TVD San Francisco

TVD Live Shots:
Noel Gallagher’s High Flying Birds at the Warfield, 5/18

“Put your fucking phone away and live in the moment,” says Noel Gallagher to a fan in the front row who seemed to be bootlegging the entire show at the Warfield last week.

Gallagher is a rare breed of singer-songwriter. Having represented the better half of Oasis for more than a decade, he continues to deliver and build upon his legacy with his solo project The High Flying Birds. How important is this man to rock ‘n’ roll? Beatles’ producer George Martin described Gallagher as the “finest songwriter of his generation” and he recently won NME’s prestigious God Like Genius Award.

Noel Gallagher Photographed by Jason Miller-4-2

Gallagher has nothing left to prove in terms of his contributions to rock ‘n’ roll. So it’s enough to make a music fan ill reading some of the reviews for his latest record Chasing Yesterday. It’s difficult enough for a well written album review to shine through in a world taken over by peer-to-peer recommendations and user-generated reviews. It’s even worse when it’s written by a snarky over-opinionated critic who’s struggling to stay relevant. (By the way, the record has 74 five-star reviews on Amazon—and Pitchfork gave it a 5.9 which loosely translates to mediocre; not good, but not awful).

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TVD Asbury Park

Garden State Sound
with Evan Toth

All jokes aside, New Jersey is a pretty great place. While it has a lot to offer as a state, it also has a rich musical history of which many people remain unaware. Everyone knows Sinatra and The Boss, but there’s much more.

Tune in to Garden State Sound with Evan Toth to explore the diverse music with connections to New Jersey. You’ll hear in-depth interviews with some of Jersey’s best music makers and have the opportunity win tickets to some of the best concerts in the state.

“This week, Garden State Sound gets a little more in step with its proposed mission: to highlight and showcase music that the unwashed masses have not yet heard of. In that spirit, do enjoy: River City Extension, Hello Tokyo, The Battery Electric, In Our Glory, Ju-taun, and Nathalie Pires who—if all goes well—will be joining us next week.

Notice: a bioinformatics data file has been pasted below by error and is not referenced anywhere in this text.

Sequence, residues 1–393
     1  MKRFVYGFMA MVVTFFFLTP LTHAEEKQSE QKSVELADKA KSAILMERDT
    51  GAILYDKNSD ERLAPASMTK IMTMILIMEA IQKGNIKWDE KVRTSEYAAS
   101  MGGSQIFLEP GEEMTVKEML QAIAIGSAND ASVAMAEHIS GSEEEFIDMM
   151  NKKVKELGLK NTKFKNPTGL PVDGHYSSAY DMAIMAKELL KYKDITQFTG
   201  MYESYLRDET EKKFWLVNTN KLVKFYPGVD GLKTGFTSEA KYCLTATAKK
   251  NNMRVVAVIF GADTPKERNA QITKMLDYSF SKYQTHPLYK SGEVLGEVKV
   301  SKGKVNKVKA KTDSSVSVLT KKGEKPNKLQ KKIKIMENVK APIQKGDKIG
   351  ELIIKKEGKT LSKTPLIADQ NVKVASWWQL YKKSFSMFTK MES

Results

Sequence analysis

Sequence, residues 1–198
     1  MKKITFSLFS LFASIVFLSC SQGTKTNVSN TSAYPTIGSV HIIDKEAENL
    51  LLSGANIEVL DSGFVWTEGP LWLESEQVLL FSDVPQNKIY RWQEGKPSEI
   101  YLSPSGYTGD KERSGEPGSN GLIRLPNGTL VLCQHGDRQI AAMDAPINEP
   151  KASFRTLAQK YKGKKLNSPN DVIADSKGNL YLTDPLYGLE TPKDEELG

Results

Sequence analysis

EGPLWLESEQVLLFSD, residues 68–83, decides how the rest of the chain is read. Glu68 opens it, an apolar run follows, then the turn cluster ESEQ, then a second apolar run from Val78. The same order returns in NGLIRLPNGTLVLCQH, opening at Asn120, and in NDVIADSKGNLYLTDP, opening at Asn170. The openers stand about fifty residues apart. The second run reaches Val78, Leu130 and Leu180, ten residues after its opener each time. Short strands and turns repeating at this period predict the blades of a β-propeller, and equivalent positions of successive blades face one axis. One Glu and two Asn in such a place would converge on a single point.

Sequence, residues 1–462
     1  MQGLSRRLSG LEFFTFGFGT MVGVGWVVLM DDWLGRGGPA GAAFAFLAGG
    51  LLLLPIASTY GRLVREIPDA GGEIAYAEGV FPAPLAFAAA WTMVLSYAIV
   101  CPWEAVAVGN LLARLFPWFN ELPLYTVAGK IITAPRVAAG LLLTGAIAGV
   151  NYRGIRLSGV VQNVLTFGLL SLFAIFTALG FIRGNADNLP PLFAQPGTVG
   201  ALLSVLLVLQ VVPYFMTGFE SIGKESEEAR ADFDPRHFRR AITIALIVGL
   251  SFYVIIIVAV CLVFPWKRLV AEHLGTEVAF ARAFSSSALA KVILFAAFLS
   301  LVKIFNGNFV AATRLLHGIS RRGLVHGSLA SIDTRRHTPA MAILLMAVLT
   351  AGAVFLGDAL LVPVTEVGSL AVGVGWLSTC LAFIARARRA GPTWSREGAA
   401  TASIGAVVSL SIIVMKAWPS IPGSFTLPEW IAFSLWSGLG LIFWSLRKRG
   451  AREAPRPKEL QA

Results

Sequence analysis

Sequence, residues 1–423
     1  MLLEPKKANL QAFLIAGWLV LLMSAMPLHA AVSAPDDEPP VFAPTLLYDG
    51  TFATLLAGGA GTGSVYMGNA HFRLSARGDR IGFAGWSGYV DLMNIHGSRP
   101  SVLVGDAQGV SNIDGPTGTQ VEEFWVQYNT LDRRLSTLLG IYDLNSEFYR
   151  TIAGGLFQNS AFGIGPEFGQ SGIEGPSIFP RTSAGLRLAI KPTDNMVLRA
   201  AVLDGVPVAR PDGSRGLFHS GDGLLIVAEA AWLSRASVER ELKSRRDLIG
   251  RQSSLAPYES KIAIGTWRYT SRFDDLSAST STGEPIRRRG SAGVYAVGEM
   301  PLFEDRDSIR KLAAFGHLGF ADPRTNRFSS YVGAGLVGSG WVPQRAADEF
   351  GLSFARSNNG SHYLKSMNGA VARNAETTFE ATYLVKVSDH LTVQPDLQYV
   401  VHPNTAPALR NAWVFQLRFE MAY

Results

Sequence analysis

Also riding the airwaves this week: Robert Randolph, Melody Gardot, and Blondie. C’mon, let’s get the music machine running and talk about how frustrating it is to run out of propane right before a BBQ!” —EZT

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The TVD Storefront

Graded on a Curve: Pete Townshend and Ronnie Lane, Rough Mix

Ronnie Lane is a hardly a household name, but he is one of my all-time favorite rockers. Whether with the Small Faces, the large Faces, or his own band Slim Chance, Lane’s lovely and wistful voice was always a pleasure, whether he was singing sublime ballads like The Faces’ “Debris” or “Oh La La” or knocking off a hard rocker like the hilarious Faces tune “You’re So Rude.” The world didn’t know what it lost when Lane died at 51 after suffering for 21 years from multiple sclerosis. But I can tell you what it lost; a soulful and sweet soul whose bass work and vocals had an integral impact on not just one, but two great rock’n’roll bands.

Lane was a frequent collaborator with the likes of Pete Townshend, Steve Marriott, and Ronnie Wood (the two of them recorded the soundtrack to the 1972 Canadian film Mahoney’s Last Stand, and it’s a tremendous series of rave-ups despite its almost total lack of vocals). He recorded four LPs between 1970 and 1977 with Townshend, but three of them are hard-to-find tributes to their spiritual mentor Meher Baba, who lent his name to the great “Baba O’Riley.” Their fourth collaboration was Rough Mix, which was released in 1977 and featured an all-star cast that included Eric Clapton, John Entwistle, Ian Stewart, Charlie Watts, King Crimson’s Boz Burrell, the ubiquitous John “Rabbit Bundrick, and Medicine Head’s Peter Hope Evans. Why, even Townshend’s father-in-law, the noted British TV and movie soundtrack composer Edwin Astley, makes an appearance. Sly Stone is right; this one’s a family affair.